I used to hate having stuff on my face. As a young dancer, I often felt like the ill-tempered baby ghost of Liberace when my mom painted lipstick and blush on my tiny features pre-recital. But even tomboys have their points of vanity: I wash my face twice most nights, and I am in possession of an ephemeral-sounding tonic called “essence.” How did I get here?
A lifelong adherent of North America’s cult of cleanse-tone-moisturize, I recently defected to the Korean school of beauty, which involves a rigorously choreographed 10-step routine — cleanse, cleanse again, exfoliate, tone; add essence, serum, a sheet mask, eye cream and lotion; and finish with an SPF-laced foundation. K-beauty is a maximalist process with a minimalist goal: The more painstakingly you tend to your skin’s needs, the less makeup you’ll need to disguise its pores and blemishes. It’s a bankable idea too: There are more than 1,800 beauty brands in South Korea — sometimes five stores to a city block.
“When you’re walking down the street in Seoul, you’ll notice women often look very youthful,” says Maria Ioannou, national training manager for The Face Shop Canada (a K-beauty outpost). “It’s not like they ask, ‘What kind of makeup can I use to fix my dry patches?’ It’s ‘What do I have in skincare to address this?’”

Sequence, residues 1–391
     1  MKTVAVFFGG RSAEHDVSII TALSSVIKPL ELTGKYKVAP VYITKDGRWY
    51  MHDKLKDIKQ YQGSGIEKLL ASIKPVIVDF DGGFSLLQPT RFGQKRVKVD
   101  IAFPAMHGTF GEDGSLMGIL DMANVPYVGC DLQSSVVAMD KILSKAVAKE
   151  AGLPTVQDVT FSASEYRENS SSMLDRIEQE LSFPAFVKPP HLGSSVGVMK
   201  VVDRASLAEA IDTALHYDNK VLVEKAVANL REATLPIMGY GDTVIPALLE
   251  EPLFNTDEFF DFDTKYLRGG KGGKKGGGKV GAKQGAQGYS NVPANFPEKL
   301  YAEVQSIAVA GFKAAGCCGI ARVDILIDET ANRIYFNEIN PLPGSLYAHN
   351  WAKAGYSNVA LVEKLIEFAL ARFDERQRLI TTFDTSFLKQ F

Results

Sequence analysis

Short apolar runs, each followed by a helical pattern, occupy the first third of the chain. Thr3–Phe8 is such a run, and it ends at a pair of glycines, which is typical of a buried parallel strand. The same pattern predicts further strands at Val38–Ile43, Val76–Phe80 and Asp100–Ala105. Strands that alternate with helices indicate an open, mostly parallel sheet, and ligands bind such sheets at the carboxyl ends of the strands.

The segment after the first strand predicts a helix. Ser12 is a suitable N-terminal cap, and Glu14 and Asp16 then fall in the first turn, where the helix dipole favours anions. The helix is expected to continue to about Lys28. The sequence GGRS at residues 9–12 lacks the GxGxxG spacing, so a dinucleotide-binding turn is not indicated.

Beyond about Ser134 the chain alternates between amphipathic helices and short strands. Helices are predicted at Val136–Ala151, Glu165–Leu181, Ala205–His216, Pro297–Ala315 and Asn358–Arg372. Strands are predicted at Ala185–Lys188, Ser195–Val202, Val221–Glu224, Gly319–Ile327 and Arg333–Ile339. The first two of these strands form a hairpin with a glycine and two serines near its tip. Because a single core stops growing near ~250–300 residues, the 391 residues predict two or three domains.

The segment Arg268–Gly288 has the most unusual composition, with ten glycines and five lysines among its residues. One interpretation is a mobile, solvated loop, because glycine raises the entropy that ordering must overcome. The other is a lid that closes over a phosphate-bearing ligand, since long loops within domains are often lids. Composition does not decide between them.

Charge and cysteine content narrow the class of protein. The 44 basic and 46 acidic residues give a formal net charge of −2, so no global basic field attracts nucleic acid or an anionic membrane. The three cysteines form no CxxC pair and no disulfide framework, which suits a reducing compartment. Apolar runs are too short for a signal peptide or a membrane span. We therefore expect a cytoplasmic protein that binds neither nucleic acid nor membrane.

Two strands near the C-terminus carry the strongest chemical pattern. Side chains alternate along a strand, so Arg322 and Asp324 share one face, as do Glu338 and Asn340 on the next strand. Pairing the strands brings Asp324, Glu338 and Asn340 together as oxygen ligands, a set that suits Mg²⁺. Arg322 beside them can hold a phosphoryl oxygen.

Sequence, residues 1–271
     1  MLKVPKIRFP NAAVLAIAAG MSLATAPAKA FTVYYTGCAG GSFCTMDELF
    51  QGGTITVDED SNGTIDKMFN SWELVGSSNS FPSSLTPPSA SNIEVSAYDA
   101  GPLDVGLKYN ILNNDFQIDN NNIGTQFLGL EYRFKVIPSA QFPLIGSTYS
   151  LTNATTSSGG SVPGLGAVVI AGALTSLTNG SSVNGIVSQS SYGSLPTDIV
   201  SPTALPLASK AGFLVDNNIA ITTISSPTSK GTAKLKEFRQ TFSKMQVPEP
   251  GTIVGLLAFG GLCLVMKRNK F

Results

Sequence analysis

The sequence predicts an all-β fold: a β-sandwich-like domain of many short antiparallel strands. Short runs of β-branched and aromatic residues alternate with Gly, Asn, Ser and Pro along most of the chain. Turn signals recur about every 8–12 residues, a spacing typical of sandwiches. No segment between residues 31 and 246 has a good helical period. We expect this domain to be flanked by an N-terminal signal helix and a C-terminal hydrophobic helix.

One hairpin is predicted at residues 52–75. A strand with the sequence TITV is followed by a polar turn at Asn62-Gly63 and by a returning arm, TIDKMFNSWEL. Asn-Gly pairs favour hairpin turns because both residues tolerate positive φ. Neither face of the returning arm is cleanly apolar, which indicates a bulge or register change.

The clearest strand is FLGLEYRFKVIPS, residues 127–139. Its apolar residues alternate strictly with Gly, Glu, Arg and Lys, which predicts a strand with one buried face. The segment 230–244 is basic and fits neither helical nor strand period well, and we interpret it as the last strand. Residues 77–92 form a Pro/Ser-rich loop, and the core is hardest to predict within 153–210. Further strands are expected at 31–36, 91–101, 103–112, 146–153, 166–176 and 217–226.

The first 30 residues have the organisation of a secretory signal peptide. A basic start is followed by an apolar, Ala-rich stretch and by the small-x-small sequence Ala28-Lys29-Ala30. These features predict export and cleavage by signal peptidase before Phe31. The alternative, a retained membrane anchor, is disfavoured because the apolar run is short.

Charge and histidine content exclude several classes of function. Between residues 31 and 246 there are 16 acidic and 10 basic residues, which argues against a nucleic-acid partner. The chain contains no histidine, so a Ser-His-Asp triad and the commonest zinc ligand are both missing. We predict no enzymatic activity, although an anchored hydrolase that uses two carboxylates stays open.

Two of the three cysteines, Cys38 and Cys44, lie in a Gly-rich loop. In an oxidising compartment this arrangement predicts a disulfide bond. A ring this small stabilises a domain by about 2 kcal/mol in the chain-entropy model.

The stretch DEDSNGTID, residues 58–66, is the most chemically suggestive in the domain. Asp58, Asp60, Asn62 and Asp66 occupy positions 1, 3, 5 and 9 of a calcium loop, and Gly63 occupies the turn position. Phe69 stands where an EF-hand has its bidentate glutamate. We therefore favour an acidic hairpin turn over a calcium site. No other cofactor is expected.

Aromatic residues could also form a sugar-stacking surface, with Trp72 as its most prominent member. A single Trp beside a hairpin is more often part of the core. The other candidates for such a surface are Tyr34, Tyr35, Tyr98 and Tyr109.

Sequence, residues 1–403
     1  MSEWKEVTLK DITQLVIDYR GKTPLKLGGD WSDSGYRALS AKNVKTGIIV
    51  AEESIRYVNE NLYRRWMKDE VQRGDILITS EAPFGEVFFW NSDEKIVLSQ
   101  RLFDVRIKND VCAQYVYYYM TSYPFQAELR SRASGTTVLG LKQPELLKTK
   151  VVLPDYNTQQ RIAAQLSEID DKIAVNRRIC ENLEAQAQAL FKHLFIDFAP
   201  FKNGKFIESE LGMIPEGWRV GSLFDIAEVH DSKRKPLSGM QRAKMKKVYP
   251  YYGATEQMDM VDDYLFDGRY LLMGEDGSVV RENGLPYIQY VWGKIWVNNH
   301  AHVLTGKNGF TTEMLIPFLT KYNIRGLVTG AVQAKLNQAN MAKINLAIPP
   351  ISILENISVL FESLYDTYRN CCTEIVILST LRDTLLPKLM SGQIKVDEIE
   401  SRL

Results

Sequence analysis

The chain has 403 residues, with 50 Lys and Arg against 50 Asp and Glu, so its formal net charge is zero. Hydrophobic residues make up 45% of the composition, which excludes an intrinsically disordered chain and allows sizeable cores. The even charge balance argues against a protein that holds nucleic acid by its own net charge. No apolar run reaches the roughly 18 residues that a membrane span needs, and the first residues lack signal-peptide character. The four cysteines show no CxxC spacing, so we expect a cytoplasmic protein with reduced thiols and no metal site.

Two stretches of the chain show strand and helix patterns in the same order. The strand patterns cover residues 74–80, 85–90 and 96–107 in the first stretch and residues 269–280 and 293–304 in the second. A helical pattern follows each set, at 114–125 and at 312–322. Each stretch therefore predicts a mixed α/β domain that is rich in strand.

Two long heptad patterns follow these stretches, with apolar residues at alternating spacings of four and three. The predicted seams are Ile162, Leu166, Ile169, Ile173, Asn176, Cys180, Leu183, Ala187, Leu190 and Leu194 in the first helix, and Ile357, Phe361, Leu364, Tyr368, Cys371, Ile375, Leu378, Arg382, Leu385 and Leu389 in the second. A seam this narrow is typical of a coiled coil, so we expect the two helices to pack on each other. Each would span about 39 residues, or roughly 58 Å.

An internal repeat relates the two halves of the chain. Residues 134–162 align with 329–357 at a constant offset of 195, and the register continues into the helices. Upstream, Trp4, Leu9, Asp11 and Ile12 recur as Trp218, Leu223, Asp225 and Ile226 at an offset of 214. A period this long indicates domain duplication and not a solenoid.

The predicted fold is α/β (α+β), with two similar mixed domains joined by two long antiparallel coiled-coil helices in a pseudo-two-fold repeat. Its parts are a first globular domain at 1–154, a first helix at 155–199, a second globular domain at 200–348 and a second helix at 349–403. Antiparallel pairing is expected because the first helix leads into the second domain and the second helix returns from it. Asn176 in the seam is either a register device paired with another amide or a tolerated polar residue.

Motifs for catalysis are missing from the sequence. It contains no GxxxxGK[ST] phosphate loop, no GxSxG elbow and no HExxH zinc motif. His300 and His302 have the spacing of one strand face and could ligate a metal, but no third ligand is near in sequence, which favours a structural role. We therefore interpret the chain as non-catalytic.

If this sounds like heresy to devotees of contouring and concealing, that’s just cultural differences at work. But, I ask you, which is smarter: developing a borderline-religious skin ritual at training-bra age, as many South Korean women do, or sprinting to the Botox clinic to undo your post-pubescent sun worship around menopause?
I’ll admit that snail-mucus creams (!) and cutesy sheet masks with cartoon puppy faces initially felt like overkill, but K-beauty wouldn’t be a multi-million-dollar business in the U.S. alone — with its own section at Sephora — if there weren’t some method to its multi-step madness.
Canadians are catching on too: The Face Shop now has more than 30 locations here, and K-beauty prizes like BB creams and cushion compacts continue to sell like crazy. Still, it’s unlikely that we’ll see a wholehearted embrace of Korean beauty ideals. (Under-eye bags are widely desired and given the affectionate nickname aegyosal, which translates to “cute fat.”) Personally, though, I like the ritualistic nature of K-beauty — even if some days I have only seven steps in me. I like the freedom of admitting,“No, I did not wake up like this.” And, above all, when people ask me which miracle ingredient is responsible for my dewy-ish glow, I like replying, “Snail mucus.”
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